The World Today for September 19, 2016


Business As Usual

After the attacks in the US over the weekend, the American presidential election is likely to become more contentious as Hillary Clinton and Donald Trump jockey over the threat of terrorism.

In Russia, the debates are more one-sided.

“The Kremlin is feeling quite calm,” Nikolai Petrov, a professor at Moscow’s Higher School of Economics, told Bloomberg.

Russian President Vladimir Putin’s United Russia Party retained control of parliament on Sunday, according to early results.

The New York Times said the ballot meant “business-as-usual,” but then drily noted that business-as-usual was standing by as Putin “curbed civil liberties and sent the military on new foreign adventures.”

The Washington Post didn’t mince words, reporting that the vote signified parliament would remain in the “Kremlin’s stranglehold.”

On Sunday, Putin went to United Russia’s party headquarters and admitted the victory was incongruous. “The results are good,” Putin said. “We know that people are having a difficult time, there are many problems, many unresolved issues, and nonetheless we have this result.”

The problems are legion in Russia.

The energy-dependent economy of the world’s geographically largest country is now declining with the low price of oil. That has delayed government salaries and curbed the annual increases of pension payments that are crucial for Russia’s rapidly aging population. Sixteen percent of its people live in poverty.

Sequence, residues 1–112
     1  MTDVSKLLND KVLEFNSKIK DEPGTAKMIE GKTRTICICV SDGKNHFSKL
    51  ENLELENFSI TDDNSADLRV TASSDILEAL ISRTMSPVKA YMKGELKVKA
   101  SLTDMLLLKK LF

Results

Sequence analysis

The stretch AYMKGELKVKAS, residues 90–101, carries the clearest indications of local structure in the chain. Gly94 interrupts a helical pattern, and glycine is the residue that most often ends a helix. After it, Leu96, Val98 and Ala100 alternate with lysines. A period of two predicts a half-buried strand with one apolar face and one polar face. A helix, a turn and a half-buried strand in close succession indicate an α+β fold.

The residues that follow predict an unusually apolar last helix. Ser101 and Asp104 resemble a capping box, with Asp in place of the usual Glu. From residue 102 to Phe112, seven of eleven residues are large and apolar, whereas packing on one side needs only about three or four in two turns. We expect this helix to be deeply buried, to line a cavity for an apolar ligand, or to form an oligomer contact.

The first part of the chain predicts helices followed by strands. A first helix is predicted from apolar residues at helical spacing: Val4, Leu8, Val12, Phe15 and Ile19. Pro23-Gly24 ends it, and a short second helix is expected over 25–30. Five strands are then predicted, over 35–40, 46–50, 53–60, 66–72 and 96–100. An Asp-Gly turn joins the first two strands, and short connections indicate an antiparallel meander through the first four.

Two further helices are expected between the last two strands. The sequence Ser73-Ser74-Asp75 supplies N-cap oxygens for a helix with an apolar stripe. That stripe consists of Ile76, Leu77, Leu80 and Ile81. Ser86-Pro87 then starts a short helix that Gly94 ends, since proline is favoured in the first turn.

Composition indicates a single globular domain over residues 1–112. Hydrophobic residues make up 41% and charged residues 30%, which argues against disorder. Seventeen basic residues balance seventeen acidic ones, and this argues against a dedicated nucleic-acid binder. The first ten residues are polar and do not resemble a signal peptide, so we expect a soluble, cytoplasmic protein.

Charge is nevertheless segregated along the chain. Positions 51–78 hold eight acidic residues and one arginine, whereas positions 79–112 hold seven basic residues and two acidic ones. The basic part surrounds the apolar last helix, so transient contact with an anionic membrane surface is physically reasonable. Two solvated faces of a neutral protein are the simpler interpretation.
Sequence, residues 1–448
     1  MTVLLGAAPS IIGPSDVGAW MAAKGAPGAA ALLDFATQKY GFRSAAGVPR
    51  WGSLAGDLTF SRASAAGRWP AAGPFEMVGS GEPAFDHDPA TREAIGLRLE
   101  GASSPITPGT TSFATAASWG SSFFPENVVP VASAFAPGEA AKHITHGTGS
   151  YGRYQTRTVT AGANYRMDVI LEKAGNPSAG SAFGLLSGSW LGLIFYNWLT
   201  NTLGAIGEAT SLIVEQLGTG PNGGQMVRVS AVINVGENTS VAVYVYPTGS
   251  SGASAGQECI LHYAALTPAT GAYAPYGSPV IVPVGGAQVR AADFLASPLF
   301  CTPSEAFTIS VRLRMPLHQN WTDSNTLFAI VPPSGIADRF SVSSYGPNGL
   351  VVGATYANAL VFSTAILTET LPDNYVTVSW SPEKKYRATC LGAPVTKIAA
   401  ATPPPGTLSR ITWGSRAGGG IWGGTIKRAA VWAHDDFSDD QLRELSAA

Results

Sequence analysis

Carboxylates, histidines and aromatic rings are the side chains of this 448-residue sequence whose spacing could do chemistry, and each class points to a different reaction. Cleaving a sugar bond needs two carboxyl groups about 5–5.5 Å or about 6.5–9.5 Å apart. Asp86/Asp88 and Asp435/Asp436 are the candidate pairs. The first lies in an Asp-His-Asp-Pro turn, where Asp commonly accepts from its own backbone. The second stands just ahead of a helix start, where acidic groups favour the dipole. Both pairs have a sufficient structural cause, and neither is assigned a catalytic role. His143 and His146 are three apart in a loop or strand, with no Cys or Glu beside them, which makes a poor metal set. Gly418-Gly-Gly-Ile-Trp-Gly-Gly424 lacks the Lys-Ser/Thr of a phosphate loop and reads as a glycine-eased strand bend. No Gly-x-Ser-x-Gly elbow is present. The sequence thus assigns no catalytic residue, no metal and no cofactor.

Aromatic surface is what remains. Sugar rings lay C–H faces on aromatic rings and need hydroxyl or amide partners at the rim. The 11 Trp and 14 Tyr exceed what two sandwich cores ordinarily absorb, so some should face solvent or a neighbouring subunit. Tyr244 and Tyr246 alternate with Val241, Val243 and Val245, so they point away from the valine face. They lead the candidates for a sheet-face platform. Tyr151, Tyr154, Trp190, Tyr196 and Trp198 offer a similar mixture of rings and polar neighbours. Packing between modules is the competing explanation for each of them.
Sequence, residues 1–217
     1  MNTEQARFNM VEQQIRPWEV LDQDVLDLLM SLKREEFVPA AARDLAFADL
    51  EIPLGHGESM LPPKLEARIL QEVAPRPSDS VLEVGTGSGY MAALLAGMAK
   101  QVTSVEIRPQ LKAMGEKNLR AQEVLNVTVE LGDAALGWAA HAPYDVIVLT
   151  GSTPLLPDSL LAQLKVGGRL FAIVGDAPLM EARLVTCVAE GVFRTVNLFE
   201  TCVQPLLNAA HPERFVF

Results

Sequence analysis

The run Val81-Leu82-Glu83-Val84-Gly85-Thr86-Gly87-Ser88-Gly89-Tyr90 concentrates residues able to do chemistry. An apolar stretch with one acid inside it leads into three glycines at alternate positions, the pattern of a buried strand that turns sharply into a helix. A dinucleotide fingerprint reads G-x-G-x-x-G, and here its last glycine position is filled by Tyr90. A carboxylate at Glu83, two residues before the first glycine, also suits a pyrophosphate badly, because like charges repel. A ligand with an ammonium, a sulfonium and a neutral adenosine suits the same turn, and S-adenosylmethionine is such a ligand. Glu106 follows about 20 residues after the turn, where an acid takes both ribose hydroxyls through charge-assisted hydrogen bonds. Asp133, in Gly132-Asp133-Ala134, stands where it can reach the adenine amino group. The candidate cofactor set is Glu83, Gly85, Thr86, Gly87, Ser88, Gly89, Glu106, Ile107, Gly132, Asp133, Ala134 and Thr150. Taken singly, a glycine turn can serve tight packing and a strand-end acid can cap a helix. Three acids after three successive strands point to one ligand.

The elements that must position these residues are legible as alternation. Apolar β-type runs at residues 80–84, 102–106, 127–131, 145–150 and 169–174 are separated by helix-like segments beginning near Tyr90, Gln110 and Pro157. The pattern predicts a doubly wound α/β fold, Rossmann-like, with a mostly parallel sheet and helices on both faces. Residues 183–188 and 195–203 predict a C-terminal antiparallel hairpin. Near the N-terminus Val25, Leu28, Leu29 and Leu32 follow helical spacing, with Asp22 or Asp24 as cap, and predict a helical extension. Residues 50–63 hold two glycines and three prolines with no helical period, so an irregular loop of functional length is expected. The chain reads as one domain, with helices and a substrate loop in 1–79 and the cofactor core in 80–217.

Civil society is also under assault. At the behest of Putin, the State Duma has banned demonstrations and increased surveillance of Russian citizens.

As a result, Russians don’t appear enthusiastic about going to the polls. Nationwide, the turnout was 40 percent, election officials said. “It’s clear that Russians have stopped believing that elections can change anything,” said opposition leader Mikhail Kasyanov, speaking to Interfax.

During previous parliamentary elections of 2011, street demonstrations broke out amid allegations of voter fraud. The protests took their toll on Putin’s party. This year’s results secured United Russia’s majority in parliament, but turnout was still lower than the previous election.

Putin can probably credit his annexation of Crimea from Ukraine in 2014 for saving his majority. Though roundly criticized internationally, the episode vaulted the president’s popularity to record highs on a “surge of patriotism,” as Bloomberg described.

The few who chose to vote were among that surge.

The Washington Post interviewed retired nurse Nadezhda Osetinskaya, a 67-year-old Muscovite. Her pension was $250 a month. Her medical care was bad but expensive, and local roads were also abysmal, she said.

A Clinton or Trump supporter would be furious, animated, motivated.

Not Osetinskaya.

“The president’s party, who else would I vote for?” she said.


Ceasefire Misfire

The fragile truce in Syria just got more fraught.

On Saturday, US airstrikes accidentally targeted Syrian government troops, killing around 60 soldiers and prompting immediate criticism from Russia. Then on Sunday an unidentified force bombed rebel strongholds in eastern Aleppo in another, possibly purposeful, violation of the ceasefire agreement, CNN reported.

The truce, now in its sixth day, is supposed to stop all bombings except that targeting fighters from the Islamic State and other jihadist groups. Though the US was quick to say its forces thought they were hitting IS troops, the accidental bombing of Syrian forces on Saturday prompted “a furious row” between the US and Russian ambassadors to the United Nations outside an emergency Security Council meeting – raising fears it could be the end of the fragile ceasefire.

Sunday’s return fire only deepens that impression.

The Kashmir Kettle